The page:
Beijing will increase tax rebates to help exporters
Beijing plans to raise export tax rebates to help struggling exporters, says a senior trade official.
Deputy Commerce Minister Zhong Shan was quoted by China Daily newspaper as saying that Beijing would 'at the appropriate time, increase tax rebates on specific categories of goods, including labour-intensive products'.
The ministry confirmed the report yesterday.
The move, which will be the first since mid-2009, will lower exporters' costs, as global demand declines amid the euro-zone's sovereign debt crisis and the economic malaise in the United States.
Zhong has yet to reveal details of the planned tax rebates, but exporters - particularly those in the clothing, furniture, shoes and toys businesses - welcomed the 'timely' measure.
They said the tax rebates would provide relief as orders from Europe and the US were dwindling and wages at mainland factories were soaring.
'It is very welcome indeed,' Pauline Ngan Po-ling, chairwoman of the Hong Kong Young Industrialist Council, said of the planned tax rebates. 'We are under huge pressure, particularly with soaring wages.'
Speaking at a trade conference in Jiangxi province on Monday, Zhong said Beijing would accelerate measures to help stabilise exports.
Last month, the mainland's exports and imports both fell for the first time in more than two years, although economists said year-on-year comparisons were skewed by this year's early Lunar New Year last month.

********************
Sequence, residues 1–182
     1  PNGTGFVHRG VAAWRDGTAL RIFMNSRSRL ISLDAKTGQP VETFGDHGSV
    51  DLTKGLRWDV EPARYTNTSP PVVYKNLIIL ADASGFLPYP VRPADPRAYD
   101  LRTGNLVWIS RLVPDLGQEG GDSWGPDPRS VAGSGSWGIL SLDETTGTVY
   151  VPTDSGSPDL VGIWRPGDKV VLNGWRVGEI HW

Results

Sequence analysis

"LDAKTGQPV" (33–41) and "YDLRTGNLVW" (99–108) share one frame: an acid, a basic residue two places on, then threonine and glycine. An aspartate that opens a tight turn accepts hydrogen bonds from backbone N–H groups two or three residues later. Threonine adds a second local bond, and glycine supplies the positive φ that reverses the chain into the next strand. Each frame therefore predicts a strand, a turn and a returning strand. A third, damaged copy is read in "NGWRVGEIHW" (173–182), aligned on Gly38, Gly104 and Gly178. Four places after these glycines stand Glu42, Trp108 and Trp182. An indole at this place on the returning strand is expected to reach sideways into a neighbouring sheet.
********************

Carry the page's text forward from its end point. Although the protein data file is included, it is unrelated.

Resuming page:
But for the next 15 years, China is expected to lead world trade growth with an annual expansion rate of 6.29 per cent, according to an HSBC report released yesterday. The bank also expects China to overtake the US as the world's biggest trading nation by 2016.
Indeed, the mainland's resilient economic growth and increased domestic consumption would continue to drive demand for commodities, consumer electronics, and cars, HSBC said.
And the yuan would account for up to 50 per cent of domestic trade settlement by 2015, it added.
Peter Kung, a senior KPMG partner for southern China, expects Beijing to help provide firms with greater access to financing.
According to HSBC, it now expects global trade to accelerate in 2014, a year ahead of its previous forecast.
Terence Chiu Man-chung, HSBC's head of trade and supply chain, said this was because euro-zone uncertainties were easing and orders from North America were recovering.
In the next five years, Asia-Pacific would enjoy a region-wide trade surplus as countries in the region would become net exporters across all trading categories, including food, manufacturing and energy, the HSBC report said.